Archive for the ‘healing the land’ Tag

Strawberry Moon   2 comments

The June full moon, often aptly named the Strawberry Moon, actually reaches its fullest tomorrow (Friday) morning, but most North Americans will see it at its peak tonight.

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wild strawberries, north yard — perfect reason not to mow

 

Tonight I’ll offer my full moon ritual for the health of the hemlocks that line the north border of our property, as well as other beings, “quando la luna è crescente” — while the moon’s still waxing. As the full moon nearest the summer solstice less than two weeks away, Strawberry Moon plays counterpoint to the shortest night and longest day of the year, and governs the first of the true summer months here in New England. I’ll be posting a follow-up in the next weeks.

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“queen” hemlock, 50 ft. tall, visible from where I write

As Dana has so passionately documented on her Druid Garden site, including a powerful ogham/galdr healing ritual, the eastern hemlock battles against the hemlock woolly adelgid, widespread enough that it’s gained its own acronym — HWA. The adelgid, an aphid-like insect, is just one of several pests that afflict the trees, but one not native to North America and a factor in near-complete mortality in infested areas. As a commenter on Dana’s blog notes, natural biological agents offer the best and least toxic means of control and containment. The United States Dept of Agriculture site summarizes the situation well.

And if you ask why, Our true self and the land are one, says R. J. Stewart. As always, test and try it out for yourself. That ways lies deep conviction, replacing casual opinion with earth loved, spirit manifest, life full.

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Returning a Sense of the Sacred to the Land   1 comment

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Maui — Landsat satellite view. Blue area is Haleakala — max. elev. 10, 023 ft.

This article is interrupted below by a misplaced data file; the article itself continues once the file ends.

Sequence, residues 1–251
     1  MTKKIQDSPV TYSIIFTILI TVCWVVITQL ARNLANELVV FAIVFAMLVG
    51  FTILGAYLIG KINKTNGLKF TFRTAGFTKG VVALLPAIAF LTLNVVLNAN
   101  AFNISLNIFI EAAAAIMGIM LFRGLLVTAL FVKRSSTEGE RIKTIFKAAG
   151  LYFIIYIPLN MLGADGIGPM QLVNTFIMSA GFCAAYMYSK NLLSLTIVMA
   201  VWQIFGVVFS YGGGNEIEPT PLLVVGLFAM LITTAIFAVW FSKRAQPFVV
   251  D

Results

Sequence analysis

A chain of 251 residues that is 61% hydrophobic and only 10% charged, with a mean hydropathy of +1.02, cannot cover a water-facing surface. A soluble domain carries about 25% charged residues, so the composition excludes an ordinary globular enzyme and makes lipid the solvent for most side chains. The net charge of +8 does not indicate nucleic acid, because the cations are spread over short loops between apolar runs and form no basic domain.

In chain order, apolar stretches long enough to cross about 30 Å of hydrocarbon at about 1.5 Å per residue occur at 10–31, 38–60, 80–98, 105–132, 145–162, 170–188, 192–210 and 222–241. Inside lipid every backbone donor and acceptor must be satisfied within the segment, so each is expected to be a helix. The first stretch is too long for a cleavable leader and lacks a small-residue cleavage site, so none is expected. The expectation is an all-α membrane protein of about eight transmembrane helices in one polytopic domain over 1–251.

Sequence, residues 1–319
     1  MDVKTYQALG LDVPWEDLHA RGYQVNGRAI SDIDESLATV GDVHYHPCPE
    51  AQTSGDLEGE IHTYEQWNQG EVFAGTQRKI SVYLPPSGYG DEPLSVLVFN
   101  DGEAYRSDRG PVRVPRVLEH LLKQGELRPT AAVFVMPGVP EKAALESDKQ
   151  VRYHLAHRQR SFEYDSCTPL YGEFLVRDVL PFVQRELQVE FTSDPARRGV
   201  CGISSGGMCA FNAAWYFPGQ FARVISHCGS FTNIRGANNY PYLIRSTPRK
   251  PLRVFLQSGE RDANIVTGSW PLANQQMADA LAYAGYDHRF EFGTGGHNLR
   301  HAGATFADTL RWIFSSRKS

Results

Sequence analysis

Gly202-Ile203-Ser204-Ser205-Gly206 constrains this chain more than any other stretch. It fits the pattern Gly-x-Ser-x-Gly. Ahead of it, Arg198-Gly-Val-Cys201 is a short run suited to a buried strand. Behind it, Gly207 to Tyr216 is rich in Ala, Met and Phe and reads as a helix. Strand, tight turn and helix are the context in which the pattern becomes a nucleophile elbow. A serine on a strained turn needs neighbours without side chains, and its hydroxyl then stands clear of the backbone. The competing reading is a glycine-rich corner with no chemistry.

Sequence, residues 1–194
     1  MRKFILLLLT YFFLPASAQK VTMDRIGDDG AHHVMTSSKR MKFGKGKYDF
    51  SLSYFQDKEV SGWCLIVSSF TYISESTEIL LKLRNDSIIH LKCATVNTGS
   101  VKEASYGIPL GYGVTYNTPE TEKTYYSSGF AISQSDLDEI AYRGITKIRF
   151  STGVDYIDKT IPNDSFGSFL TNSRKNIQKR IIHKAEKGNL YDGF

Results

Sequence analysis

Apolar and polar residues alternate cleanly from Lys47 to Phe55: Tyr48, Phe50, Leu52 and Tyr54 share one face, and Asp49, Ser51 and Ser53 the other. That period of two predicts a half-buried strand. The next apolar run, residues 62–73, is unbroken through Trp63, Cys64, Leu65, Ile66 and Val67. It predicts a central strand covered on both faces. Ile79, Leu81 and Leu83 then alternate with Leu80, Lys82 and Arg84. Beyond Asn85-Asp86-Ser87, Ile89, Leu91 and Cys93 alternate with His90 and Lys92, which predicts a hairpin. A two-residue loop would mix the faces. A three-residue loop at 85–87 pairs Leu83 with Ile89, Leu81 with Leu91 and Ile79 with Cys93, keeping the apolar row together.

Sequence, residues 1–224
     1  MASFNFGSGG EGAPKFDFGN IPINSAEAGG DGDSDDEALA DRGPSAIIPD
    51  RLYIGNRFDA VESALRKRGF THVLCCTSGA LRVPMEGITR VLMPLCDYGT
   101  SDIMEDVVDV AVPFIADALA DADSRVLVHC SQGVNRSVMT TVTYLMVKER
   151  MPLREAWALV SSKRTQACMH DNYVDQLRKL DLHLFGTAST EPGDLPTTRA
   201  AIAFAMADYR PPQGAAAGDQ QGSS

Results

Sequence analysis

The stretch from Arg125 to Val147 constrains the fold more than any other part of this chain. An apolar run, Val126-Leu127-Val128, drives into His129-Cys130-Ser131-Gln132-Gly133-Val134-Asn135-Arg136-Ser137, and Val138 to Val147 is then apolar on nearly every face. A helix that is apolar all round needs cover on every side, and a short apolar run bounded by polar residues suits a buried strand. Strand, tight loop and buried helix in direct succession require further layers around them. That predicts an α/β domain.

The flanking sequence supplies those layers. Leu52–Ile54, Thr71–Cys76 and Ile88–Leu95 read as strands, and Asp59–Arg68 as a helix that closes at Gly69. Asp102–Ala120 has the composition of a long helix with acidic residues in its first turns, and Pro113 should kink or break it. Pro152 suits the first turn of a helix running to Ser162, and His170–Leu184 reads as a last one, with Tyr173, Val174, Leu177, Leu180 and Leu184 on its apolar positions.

Hi Lorna — thanks for your recent comment on “The Land is a Chief.”  As usual, you dig beneath the surface and grapple with good challenges. You note, “To return … a sense of the sacred to landscapes … that have been viewed as profane” — that’s surely a major goal, if not one of THE central goals, of much Pagan and earth-based spirituality. At least I hope it is, or will be — it still feels like it’s in embryo form nowadays, in many places. Because there’s also a strong self-oriented strain that sometimes overshadows physical and spiritual work with the health of the land.  It prioritizes self-fulfillment and personal realization and growth — important processes, yes — over the healing of the place(s) we find ourselves.

Of course it shouldn’t be an either-or: “You can’t have one without the other.” Many people struggle with spiritual ills that are manifesting, among other forms, as health challenges. Our honoring and reverencing of the old gods and spirits is one healthy “symptom” of practices for healing the land AND ourselves.  We can’t hear and communicate and work with them if we’re too out of balance with ourselves and the land.

BELOW: Eucalyptus* near Huelo, East Maui, Hawai’i

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I wonder, though, how much we’ve romanticised “traditional” cultures for their practices and beliefs — beyond what the “average” person in those cultures may actually have done or thought or believed.  But maybe such romanticizing is part of a healthy corrective, needed today, to help re-balance our attitudes and motivations towards our treatment of the planet over the past two centuries.  At least it gives us an ideal to work for:   if we’ve damaged a landscape, we can heal it, and redeem our obligation, fulfilling our ancient commitment and responsibility as spiritual and physical beings in this world.

That sounds and feels right.  We (often) say and dream it and proclaim it.  But like you, I’m not sure whether or how (or how much) it will happen.  For you rightly phrase it as an open question: will it “ever be possible to return such a sense of the sacred to landscapes that for at least the last couple of centuries have been viewed as profane?”  We’ll answer that question with our lives, not just our words.  And people of the next couple of centuries will judge and live with the results.

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Image: Maui satellite view.

*My wife took this vivid image as part of a color study she is doing of native hues and patterns.  Eucalyptus trees flourish along the Hana Highway, a very winding road along the northeastern coastline of Maui.  Much of the area is tropical rainforest, though if you continue beyond Hana along the highway, the land transitions to desert in the southeast.  One of the marvels of Maui and the other islands in the Hawai’ian chain is just how much climate diversity they exhibit over just a handful of miles in planetary terms.

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